…Here we go.
For once, I actually agree with the critics: The Standard Edition of Warlords of Draenor turned out to not be worth the $50 price tag it sold at. $30 at the most but not $50. Legion I’d say should be $40. The reason both Expansions are $50 is because of the Free Boost they come with, which themselves are worth $60.
As a reminder, the Paid Boost to 90/100 is nothing to sneeze at: Your level is automatically set to the minium level to start the new expansion plus some other perks thrown in. I talked about it in a previous blog post when WoD was in Beta. Much to my own surprise, WoW Vets I’ve spoken to insist they either never used their free boost from WoD or used it and then, having regretted their decision actually deleted the character they boosted to 90. Makes no sense to me but whatever. I myself have boosted 5 characters to 90 in addition to the free one.
Legion introduces the Demon Hunter Class, which is the first Hero Class since Death Knights were introduced back in Wrath of the Lich King. Demon Hunters are also the first race-exclusive class since Vanilla: Only Night Elves (Alliance) and Blood Elves (Horde) have access to the Demon Hunter Class due to how the lore behind its introduction is set up. You must also have a level 70+ Character to make one. Of course, that last one shouldn’t be a problem!
Yet another thing the critics immediately pointed out when Legion’s release window was announced were two undeniable facts for those who are still subbed:
- There will be no new content until Legion. Hellfire Citadel was the last content patch and was released in July.
- Blizzard promised players after almost a year of Madness of Deathwing (Cataclysm’s final raid) that the time between the previous expansion’s final raid tier and the launch of the next expansion would shrink. In fact, the gap of time has actually grown.
So, for those still subbed this is a pretty sobering fact. It’s also compounded by the fact WoW’s recent subscriber count was listed as under 5 Million Players. Ignoring the doomsayers, the fact of the matter is the MMO Genre’s run its course. Folks are moving on are already have. It was a great run but let’s face it, the MMO Industry knows the market’s drastically shrunk since the days of Everquest.
I haven’t yet decided if I will preorder Legion but I’m leaning towards not preordering this time. Mostly because I’m done with WoW and with the stuff that recently came up in my personal life, it’s an expense I can’t afford. LOL.
This is the poster of the Warcraft Movie. The full trailer will make its world premiere on Nov. 6 at BlizzCon and trust me, it’s easily the most anticipated trailer for a movie adaptation of a video game to date. Blizzard is personally involved with the movie’s production so…yeah. You know the finished product is going to be impressive.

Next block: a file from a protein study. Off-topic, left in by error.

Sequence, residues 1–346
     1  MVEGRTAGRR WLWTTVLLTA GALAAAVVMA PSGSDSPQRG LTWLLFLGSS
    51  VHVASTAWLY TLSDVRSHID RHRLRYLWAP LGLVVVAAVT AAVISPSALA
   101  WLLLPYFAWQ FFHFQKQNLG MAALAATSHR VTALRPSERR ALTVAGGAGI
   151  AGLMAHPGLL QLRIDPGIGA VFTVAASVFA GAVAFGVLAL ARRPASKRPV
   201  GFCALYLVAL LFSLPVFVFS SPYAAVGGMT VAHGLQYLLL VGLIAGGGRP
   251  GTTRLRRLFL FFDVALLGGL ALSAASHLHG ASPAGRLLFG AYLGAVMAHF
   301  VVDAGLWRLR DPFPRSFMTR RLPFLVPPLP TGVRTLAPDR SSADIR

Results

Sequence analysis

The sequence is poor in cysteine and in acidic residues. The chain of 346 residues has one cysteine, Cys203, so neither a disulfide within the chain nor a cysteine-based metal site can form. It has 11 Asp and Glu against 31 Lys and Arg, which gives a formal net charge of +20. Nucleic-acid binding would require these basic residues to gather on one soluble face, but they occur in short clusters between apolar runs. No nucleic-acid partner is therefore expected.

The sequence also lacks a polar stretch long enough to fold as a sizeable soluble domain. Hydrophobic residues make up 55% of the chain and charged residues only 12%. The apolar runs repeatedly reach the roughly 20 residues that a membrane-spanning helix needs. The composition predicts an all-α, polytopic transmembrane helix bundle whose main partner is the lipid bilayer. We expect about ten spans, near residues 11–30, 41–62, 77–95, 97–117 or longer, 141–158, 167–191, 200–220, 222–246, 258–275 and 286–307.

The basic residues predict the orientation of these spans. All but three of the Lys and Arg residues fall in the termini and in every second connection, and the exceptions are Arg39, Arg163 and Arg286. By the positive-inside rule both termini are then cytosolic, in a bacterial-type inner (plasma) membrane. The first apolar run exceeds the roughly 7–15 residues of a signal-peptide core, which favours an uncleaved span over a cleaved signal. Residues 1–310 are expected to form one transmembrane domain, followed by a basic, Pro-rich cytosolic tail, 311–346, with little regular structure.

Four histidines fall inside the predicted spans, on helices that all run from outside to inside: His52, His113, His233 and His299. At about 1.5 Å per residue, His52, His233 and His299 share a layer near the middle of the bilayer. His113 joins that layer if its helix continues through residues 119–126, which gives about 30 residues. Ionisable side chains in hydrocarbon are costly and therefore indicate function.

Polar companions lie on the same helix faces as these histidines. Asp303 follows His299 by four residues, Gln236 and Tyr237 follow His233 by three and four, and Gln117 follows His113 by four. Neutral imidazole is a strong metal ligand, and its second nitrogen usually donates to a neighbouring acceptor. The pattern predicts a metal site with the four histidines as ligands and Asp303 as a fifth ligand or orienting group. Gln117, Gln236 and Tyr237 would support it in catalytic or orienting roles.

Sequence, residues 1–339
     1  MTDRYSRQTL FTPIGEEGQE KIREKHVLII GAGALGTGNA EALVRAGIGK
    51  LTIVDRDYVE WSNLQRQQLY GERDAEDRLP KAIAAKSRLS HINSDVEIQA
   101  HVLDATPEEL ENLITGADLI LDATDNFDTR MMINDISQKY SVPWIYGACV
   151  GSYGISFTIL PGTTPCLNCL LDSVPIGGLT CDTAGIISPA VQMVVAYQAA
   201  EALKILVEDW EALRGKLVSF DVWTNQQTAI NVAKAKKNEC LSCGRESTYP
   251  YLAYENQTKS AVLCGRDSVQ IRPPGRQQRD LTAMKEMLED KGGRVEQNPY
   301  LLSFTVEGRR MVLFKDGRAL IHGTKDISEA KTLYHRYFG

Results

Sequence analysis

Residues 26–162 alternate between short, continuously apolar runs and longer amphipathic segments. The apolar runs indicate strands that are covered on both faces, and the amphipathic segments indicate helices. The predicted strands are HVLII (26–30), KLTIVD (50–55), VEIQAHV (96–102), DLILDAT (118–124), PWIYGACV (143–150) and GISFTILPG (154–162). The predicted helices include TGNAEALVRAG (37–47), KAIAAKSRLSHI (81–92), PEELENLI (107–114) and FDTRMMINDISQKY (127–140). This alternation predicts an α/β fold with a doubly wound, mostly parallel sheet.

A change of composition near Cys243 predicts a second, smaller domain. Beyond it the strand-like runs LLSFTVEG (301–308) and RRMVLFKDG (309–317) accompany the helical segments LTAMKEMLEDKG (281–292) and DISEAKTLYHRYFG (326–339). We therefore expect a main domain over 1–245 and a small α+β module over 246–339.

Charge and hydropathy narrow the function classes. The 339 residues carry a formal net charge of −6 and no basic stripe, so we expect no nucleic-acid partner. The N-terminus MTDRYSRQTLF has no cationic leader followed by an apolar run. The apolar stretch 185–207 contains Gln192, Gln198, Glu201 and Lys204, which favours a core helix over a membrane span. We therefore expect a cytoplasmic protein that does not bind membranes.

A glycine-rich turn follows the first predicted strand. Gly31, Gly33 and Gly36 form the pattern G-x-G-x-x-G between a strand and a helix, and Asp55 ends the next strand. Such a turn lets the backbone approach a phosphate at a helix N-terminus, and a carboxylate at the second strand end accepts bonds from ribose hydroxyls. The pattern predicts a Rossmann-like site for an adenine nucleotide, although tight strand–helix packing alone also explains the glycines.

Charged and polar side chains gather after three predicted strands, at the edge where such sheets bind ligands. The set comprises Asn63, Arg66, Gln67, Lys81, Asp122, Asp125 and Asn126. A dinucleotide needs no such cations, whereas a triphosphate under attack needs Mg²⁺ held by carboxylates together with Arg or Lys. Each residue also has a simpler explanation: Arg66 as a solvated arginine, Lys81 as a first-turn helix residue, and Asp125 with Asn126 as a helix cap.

Something on the poster worth pointing out: The sub title. That’s new. I suspect it’s for licensing reasons though it’s very deliberate. I interpret the subtitle to mean one of two things: Either the events of the source material will be split between two movies (which I doubt or we’d know by now) or they’re posiitioning the movie franchise to be ready to start working on the sequel as soon as the numbers start coming in.
Should be interesting.
The movie chronicles the events of the first Warcraft game from the Orcs’ invasion of Azeroth to the destruction of Stormwind City at the hands of what’s now referred to in Lore as The Old Horde. At the the time, the Orcs had drunk the blood of the pitlord Mannoroth and had just made first contact with the Guardian Medivh, who opened the Dark Portal on Azeroth. The overuse of Fel Magic and the slaughter of the Draenei left the Orcs’ homeworld, Draenor a dying planet. Grommash Hellscream, leader of the Warsong Clan is advised by Gul’dan to lead their people to another world rich with the resources their people desparately need: Azeroth. This is The First War.
I won’t spoil the movie’s main plot much further but there is a secondary plot involving Thrall’s parents Durotan and Drakka. For those who know Thrall’s origin story, not all of the Orcs who crossed into Azeroth participated in the First War: Durotan, who was Warchief of the Frostwolf Clan was the only Orc leader who did not participate in the major battles of The First War. Think of him as a Conscientious Objector prettymuch. He ultimately led his people north past Stormwind and Orgrimmar to the Hillsbrad Foothills. Drakka, who was pregnant with Thrall when they came to Azeroth naturally joined him. Both are assassinated by a triator shortly after Thrall is born.
King Llane Wrynn is the King of Stormwind. He and his Champion, Anduin Lothar are tasked with combating the Orcish Horde. If the last name of the first guy and the first name of the second guy sound familiar, they should: Llane is Varian Wrynn’s father and his son Anduin is named after the Alliance hero. After Stormwind falls to the Horde and Llane is assassinated, Anduin leads the young Prince Varian Wrynn to the Kingdom of Lordaeron far to the north.
Most Warcraft fans are familiar with Warcraft III and World of Warcraft but this movie is from the first Warcraft game, Warcraft: Orcs and Humans.